The moving average would add these figures together and divide by seven, resulting in an average of 103.4

Pretty straightforward, right?

And do you know what’s even better? Most charting packages will do these calculations for you anyway.

However, there is a reason we bored you with all the maths.

Understanding how an indicator works means you can adjust, tweak it and eventually create different strategies as the market environment changes.

So really, you’re welcome. WINK.

Simple Moving Averages on a Stock chart

Now, let’s take a look at different examples of Simple Moving Averages and compare how they smooth out the price action on a stock chart.

And to help you visualise it better, we will plot three different SMA’s,  a 10-period (short-term), a 20-period (medium-term) and a 50-period (long-term) simple moving averages.

10-period moving average
Simple Moving Average Stocks
20-period moving average
same chart simple moving average
50-period moving average
weighted moving average

Now, out of the 10-period, 20-period and 50-period moving averages, we can clearly see that the 50 moving average is the slowest while the 10 MA is the fastest.

It is also clear to see that the longer the simple moving average period is, the more it lags behind the price. At the same time, the longer period you use for the simple moving average, the slower it takes to react to the price movement.

Exponential Moving Averages (EMA)

Moving on to the second type of moving averages, let’s dig deeper into exponential moving averages (EMA).

Similar to simple moving average (SMA), exponential moving average (EMA) tracks the price of a share over time. The difference between these two, however, is that EMA gives more importance to recent price information and the closing price of the 1st candle will have a very (read: VERY) small effect. As a result, this makes the EMAs much more responsive to price changes of the shares.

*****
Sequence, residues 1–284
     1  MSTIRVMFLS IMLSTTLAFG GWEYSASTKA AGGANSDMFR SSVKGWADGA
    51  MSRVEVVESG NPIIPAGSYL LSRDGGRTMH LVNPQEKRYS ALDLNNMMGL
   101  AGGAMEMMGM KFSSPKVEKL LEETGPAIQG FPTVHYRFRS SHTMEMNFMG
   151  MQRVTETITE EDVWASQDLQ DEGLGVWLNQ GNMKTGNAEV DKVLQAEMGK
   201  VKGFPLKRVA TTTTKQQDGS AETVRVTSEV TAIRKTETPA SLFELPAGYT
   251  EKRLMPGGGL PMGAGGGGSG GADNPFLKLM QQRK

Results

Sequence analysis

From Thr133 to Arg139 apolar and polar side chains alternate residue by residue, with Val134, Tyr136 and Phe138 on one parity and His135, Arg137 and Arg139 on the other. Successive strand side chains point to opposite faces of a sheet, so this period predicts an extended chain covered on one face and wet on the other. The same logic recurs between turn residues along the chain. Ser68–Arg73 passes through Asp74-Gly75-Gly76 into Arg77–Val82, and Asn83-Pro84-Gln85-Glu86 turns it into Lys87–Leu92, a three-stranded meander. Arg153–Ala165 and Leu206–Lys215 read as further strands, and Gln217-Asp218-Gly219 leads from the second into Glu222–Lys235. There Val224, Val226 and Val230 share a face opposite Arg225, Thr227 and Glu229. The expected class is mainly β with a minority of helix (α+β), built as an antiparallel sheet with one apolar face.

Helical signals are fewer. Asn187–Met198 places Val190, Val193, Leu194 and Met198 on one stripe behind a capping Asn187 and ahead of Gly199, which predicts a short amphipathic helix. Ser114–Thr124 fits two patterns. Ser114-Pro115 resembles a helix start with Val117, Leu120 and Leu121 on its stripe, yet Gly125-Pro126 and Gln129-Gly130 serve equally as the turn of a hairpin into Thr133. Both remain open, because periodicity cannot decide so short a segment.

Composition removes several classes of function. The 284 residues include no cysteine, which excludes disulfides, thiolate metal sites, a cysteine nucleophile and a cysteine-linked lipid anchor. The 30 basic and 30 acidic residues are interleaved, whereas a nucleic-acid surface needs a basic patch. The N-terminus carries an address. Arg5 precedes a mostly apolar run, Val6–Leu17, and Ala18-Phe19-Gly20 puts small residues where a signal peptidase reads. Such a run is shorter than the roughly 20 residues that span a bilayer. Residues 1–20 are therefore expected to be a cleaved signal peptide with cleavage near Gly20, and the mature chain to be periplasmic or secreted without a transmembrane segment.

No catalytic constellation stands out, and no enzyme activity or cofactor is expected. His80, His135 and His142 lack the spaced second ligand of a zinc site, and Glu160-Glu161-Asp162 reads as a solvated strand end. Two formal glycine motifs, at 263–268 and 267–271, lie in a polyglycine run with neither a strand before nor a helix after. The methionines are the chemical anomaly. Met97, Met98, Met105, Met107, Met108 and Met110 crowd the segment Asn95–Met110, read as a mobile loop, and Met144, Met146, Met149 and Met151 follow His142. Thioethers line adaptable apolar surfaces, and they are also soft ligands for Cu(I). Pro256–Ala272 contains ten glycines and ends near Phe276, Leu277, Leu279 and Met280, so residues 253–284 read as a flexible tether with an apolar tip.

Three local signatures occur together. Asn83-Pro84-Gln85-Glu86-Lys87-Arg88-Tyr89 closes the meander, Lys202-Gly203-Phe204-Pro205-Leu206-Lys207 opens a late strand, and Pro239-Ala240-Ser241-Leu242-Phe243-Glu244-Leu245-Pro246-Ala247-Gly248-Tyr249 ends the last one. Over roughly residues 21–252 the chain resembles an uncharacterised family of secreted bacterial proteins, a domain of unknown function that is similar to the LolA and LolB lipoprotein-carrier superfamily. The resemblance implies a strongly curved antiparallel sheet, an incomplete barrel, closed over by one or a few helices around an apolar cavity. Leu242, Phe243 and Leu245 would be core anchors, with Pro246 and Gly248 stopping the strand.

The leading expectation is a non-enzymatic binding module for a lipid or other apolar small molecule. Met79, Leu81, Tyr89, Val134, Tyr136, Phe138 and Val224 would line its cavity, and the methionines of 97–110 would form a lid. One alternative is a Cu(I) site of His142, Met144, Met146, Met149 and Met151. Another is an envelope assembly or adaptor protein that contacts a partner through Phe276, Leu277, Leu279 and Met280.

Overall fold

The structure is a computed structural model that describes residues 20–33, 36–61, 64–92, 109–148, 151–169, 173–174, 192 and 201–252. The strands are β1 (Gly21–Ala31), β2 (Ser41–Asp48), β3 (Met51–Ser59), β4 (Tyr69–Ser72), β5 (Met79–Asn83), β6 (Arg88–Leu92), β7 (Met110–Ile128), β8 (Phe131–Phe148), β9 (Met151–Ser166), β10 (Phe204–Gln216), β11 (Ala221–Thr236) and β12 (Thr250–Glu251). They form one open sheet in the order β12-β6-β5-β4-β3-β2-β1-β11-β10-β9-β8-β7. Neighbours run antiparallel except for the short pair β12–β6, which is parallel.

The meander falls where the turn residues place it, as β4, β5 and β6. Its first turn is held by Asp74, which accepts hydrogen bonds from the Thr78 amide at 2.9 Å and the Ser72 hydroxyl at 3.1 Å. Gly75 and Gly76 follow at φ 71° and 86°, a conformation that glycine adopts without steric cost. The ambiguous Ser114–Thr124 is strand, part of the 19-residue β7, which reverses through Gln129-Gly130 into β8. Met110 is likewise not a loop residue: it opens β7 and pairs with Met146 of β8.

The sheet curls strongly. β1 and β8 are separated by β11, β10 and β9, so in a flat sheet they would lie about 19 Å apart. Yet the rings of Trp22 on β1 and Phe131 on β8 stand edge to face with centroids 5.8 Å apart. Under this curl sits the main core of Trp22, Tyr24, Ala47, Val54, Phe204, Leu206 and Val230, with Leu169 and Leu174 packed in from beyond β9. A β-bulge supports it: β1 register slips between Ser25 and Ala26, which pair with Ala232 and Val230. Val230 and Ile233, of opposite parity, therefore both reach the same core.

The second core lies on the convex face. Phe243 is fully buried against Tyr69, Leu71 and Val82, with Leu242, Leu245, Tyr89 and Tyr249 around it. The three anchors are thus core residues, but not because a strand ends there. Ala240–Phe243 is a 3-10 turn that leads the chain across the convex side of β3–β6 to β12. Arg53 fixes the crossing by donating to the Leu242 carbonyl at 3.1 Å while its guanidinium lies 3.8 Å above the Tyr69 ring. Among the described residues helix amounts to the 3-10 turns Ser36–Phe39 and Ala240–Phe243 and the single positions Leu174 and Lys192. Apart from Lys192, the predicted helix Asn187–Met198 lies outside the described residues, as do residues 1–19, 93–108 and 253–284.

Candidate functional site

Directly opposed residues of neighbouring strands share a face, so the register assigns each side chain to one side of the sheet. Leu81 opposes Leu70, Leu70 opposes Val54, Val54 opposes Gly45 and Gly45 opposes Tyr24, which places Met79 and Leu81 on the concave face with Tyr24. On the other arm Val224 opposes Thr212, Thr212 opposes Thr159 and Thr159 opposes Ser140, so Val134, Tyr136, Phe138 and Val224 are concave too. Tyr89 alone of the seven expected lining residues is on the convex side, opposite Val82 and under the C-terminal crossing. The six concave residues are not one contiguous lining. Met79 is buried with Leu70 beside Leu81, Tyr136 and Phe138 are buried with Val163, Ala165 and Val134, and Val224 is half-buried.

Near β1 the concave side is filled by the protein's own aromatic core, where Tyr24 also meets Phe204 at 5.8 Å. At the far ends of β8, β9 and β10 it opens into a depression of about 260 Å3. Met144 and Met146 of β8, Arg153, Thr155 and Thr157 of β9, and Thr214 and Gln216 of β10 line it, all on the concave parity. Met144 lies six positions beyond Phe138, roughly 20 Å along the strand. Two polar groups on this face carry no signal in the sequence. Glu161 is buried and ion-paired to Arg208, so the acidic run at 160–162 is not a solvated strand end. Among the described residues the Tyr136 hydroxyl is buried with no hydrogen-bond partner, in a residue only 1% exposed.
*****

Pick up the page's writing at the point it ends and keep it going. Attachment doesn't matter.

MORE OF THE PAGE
Comparing Exponential Moving Averages (EMA) vs Simple Moving Averages (SMA)

A picture speaks a thousand words so let’s take a look at a simple moving average (SMA) and exponential moving average (EMA) side by side on a chart.

moving average crossovers

See how the blue line appears to be closer to the actual price than the black line?

That’s because it represents the current price action with more accuracy.

And let’s be honest, when you’re trading, you want to know what is happening NOW, not last week or last month. 

Is SMA or EMA Better for Trading Stocks?

Truth be told, it’s all about your personal preference.

Both have their own strengths and can be applied in different situations.

And there’s certainly no harm in plotting both on the chart and seeing how they compare.

In fact, why don’t you crack open your trading platform right now and have some fun with the moving averages?

Remember you can experiment with different time periods. And who knows, you might find out which moving averages work best for you!